Yesterday, ESPN held its annual MLB Franchise Player Draft. The concept: 30 analysts pick, based on a predetermined draft order, the player that they would take -- over the next ten years -- around whom to build a franchise.
I loved this idea so much that we're going to try to take a stab at it over here at Beyond the Box Score. In the meantime, here are some quick thoughts on the ESPN analysts' selections...
I think the best picks came in the middle of the draft -- specifically from 12 to 16:
- Tim Kurkjian grabbed Bryce Harper, who could have justifiably been the top pick in the draft. Frankly, I have no idea how Harper fell this low. The 19-year-old has a 130 wRC+ through his first 129 career plate appearances, and I think it's safe to say he's going to do some amazing things over the next decade.
- Jim Caple selected Mike Trout with the 13th round pick. Again, I have no idea how Trout fell this low -- he, like Harper, could have justifiably been chosen first overall. Both Harper and Trout were taken later in this year's draft than in last year's draft, which is a bit odd because they've only raised their stock over the last year.
- Christina Kahrl took Giancarlo Stanton at #14. Stanton, still just 22 years old, has a career OPS+ of 136 and is an above-average defender in right field -- another excellent pick.
- Steve Berthiaume chose Brett Lawrie at #15. Lawrie, like the other great picks, is still quite young (22) but has already flashed signs of brilliance -- both with the bat and glove.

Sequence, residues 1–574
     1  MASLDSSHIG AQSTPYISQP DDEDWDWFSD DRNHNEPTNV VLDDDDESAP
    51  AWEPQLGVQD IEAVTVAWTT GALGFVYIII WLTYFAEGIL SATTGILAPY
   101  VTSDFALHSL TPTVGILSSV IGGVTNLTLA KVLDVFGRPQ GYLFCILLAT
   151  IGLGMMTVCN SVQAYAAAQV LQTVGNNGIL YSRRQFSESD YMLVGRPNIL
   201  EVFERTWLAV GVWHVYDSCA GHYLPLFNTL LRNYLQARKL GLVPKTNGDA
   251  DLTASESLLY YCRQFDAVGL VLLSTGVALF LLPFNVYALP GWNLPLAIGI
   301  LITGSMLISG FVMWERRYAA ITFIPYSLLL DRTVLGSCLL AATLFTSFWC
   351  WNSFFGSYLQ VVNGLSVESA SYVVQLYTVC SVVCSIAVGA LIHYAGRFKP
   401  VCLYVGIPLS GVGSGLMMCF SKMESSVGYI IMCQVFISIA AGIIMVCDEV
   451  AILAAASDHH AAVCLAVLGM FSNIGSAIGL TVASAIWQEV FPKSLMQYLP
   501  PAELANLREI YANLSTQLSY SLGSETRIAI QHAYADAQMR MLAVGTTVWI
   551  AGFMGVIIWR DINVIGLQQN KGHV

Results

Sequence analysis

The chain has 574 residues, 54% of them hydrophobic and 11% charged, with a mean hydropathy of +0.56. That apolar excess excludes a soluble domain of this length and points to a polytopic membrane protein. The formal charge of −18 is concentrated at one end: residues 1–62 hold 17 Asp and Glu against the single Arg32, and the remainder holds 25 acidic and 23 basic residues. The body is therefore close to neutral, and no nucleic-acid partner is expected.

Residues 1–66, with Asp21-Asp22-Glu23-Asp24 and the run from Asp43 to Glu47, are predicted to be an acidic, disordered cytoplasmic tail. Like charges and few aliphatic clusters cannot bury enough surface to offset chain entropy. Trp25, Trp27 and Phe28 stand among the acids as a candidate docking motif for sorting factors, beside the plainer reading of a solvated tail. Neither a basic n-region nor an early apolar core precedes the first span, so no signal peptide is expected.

- Lastly, Keith Law took Andrew McCutchen with the 16th pick. McCutchen is 25, so the next ten years would ideally constitute McCutchen's prime. It's hard not to like this selection, considering what McCutchen brings to the table with his strong up-the-middle power-speed combo. Plus, as a speedy player, McCutchen will presumably age well.
On the flip-side of things, these were some not-so-good choices...
- Justin Verlander at #4 (Orel Hershiser). I mean, Verlander has been unbelievably dominant since the start of 2011, but he's a) a pitcher (which means he comes with a lot of risk), and b) he's already 29 years old. I could see the case for Verlander, but at #4? There were so many other excellent options remaining.
- Starlin Castro at #9 (Aaron Boone). I don't dislike this pick all that much on its own, but again, guys like Trout, Harper, and Stanton were still on the board at the time. Castro's 22, and he's already established himself as a strong-hitting middle-infielder with speed; but his defense isn't great, his plate discipline leaves a lot to be desired, and I see his power as a bit overrated. (A .120 ISO really isn't all that impressive, especially considering that Castro hits for a high batting average.) But again, it wasn't the pick -- Castro at #9 is fairly reasonable -- so much as the fact that there were other better options available at the time.
- Neftali Feliz at #22 (Enrique Rojas). Again, it's the fact that he's a pitcher. He hasn't turned 25 yet, and he's a very talented player, but he doesn't wow me enough to justify the inherent risk that comes with being a pitcher. Not to mention, he hasn't exactly dominated since converting to a starter (4.58 FIP).
- Jeff Samardzija at #26 (Rick Sutcliffe). This is hands down the worst pick of the draft. Just a terrible, terrible selection. Samardzija is a 27-year-old pitcher with all of 15 career starts and a 101 ERA+ under his belt. You really want to go about building a franchise around that?
Anyway, I guess I'll put my money where my mouth is when we roll at the BtB version of this...